Brian K. White brian@aljex.com http://www.myspace.com/KEYofR
    +++++[>+++[>+++++>+++++++<<-]<-]>>+.>.+++++.+++++++.-.[>+<---]>++.
    filePro BBx Linux SCO FreeBSD #callahans Satriani Filk!


  5. Re: SCO Unix 3.2.4.2 networking/licensing

    On Feb 7, 3:20 pm, "Brian K. White" wrote:
    > No ppp.
    > No networking means really, no networking.


    Arrghh!

    > Thats why Bela said things like uucp. You could do a serial transfer via uucp, kermit, zmodem, .. not ppp. In the case of kermit or zmodem you'd have to download binaries to floppy when you got there too, not already installed.
    > If you do find a copy of tcp, you'll gain ppp, but then won't need it.
    >
    > Since they have serial terminals, that means they have some kind of multiport serial card.
    > Be sure to use one of the ports on that card for the transfer since they can probably go to 115200 and they can probably use hardware flow control, otherwise....


    Good idea.

    > I don't think you are going to run parallel without a 2nd visit without tcp.
    > I think it's possible, just not practical.
    >
    > Here's how you could probably do it, with one big assumption that might be wishful thinking:
    >
    > big assumption: You could probably set up the sco box to submit print jobs via uucp to the linux box.


    Another good idea.

    > Assuming that, the rest isn't too difficult:
    > * set up the printers on linux and reconfigure them on sco to submit to linux via uucp.
    > * configure the new pc's or thin terminals to have both serial and network connections to run both systems at once.


    Hadn't thought of that. The new thin clients do have a serial port. I
    would have to share the CAT5 though.

    > * connect an extra serial connection between the sco & linux boxes not used by the print spooler. enable that serial port for login on sco.


    I don't think I have an extra serial port on the new server. I can
    remote control a thin client though.

    > * at some later time when you want to refresh the data and stop using sco, you ssh in to the linux box and use kermit or minicom or cu to log in to the sco box and perform a serial data transfer.


    For 40MB (uuencoded to about 60MB) would take less than 2 hours.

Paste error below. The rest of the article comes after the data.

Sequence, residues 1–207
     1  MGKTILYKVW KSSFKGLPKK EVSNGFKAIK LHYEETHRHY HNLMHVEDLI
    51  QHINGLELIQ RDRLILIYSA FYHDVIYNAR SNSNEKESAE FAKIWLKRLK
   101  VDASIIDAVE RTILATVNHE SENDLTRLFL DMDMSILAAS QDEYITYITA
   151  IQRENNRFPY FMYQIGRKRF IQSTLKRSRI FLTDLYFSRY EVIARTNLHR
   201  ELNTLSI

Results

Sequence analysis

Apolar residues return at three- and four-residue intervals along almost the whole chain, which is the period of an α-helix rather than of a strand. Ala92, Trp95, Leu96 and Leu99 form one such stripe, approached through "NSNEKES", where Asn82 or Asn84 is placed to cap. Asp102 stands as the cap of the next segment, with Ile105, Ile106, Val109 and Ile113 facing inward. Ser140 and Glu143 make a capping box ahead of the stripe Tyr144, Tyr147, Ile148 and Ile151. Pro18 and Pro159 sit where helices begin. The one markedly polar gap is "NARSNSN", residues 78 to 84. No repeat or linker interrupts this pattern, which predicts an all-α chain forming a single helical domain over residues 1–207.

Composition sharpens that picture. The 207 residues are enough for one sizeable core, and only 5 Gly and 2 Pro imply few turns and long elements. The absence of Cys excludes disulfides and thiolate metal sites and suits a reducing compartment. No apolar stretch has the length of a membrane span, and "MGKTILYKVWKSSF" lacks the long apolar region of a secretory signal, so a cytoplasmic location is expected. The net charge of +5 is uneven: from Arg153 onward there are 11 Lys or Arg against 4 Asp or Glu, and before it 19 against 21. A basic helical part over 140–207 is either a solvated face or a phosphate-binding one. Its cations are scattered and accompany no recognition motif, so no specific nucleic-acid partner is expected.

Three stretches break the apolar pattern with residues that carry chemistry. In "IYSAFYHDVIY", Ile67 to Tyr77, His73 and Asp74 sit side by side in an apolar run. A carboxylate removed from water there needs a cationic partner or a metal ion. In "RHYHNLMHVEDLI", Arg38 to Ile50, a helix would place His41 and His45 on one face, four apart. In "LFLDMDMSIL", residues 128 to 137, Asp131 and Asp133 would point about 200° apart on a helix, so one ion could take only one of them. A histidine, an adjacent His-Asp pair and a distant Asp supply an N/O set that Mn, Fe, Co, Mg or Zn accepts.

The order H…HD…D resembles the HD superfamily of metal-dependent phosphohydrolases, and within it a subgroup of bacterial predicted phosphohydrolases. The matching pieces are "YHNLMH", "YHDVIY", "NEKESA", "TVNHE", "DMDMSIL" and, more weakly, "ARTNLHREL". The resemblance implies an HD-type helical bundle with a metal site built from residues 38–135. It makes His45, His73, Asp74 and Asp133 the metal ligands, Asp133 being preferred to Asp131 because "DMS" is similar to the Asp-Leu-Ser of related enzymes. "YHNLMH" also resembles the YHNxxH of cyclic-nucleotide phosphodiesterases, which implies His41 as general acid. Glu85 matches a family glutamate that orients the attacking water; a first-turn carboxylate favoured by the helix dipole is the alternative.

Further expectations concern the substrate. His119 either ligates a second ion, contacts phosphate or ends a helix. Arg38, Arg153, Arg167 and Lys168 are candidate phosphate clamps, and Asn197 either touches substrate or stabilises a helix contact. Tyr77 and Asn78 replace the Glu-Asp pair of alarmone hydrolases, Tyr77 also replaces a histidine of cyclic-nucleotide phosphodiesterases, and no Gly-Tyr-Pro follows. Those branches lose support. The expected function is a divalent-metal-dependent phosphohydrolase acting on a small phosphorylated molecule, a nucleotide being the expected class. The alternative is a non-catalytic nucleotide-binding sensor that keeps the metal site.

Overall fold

That's possible.

    > But I would just try to find a copy of tcp and bring one each isa and a pci nics.


    It's looking like that's a good path. Ebay comes up with nothing. I'll
    post here in another post.

    > hw |pg might show the bus type more accurately, or might show something like a model or version number you can google up specs on. If the box is a compaq or other proprietary name brand, you can probably just have them read you the name/number on the front and google the specs.
    > It's probably really pci but I'd try to find an isa card just in case if the on-site is such a big deal.


    Thanks for the command, I don't recall using hw before.

    I am also investigating borrowing a dev SCO 5.0.6 box and using it for
    a rip 'n replace and paralleling with that. It's not perfect, but I
    think the developer may agree.

    Has anyone run 5.0.6 on VMWare, or Xen?

  6. Re: SCO Unix 3.2.4.2 networking/licensing

    On Feb 7, 3:15*pm, John Van Ostrand
    wrote:
    > On Feb 7, 3:20 pm, "Brian K. White" wrote:
    >
    > > No ppp.
    > > No networking means really, no networking.

    >
    > Arrghh!
    >
    > > Thats why Bela said things like uucp. You could do a serial transfer viauucp, kermit, zmodem, .. not ppp. In the case of kermit or zmodem you'd have to download binaries to floppy when you got there too, not already installed.
    > > If you do find a copy of tcp, you'll gain ppp, but then won't need it.

    >
    > > Since they have serial terminals, that means they have some kind of multiport serial card.
    > > Be sure to use one of the ports on that card for the transfer since theycan probably go to 115200 and they can probably use hardware flow control, otherwise....

    >
    > Good idea.
    >
    > > I don't think you are going to run parallel without a 2nd visit without tcp.
    > > I think it's possible, just not practical.

    >
    > > Here's how you could probably do it, with one big assumption that might be wishful thinking:

    >
    > > big assumption: You could probably set up the sco box to submit print jobs via uucp to the linux box.

    >
    > Another good idea.
    >
    > > Assuming that, the rest isn't too difficult:
    > > * set up the printers on linux and reconfigure them on sco to submit to linux via uucp.
    > > * configure the new pc's or thin terminals to have both serial and network connections to run both systems at once.

    >
    > Hadn't thought of that. The new thin clients do have a serial port. I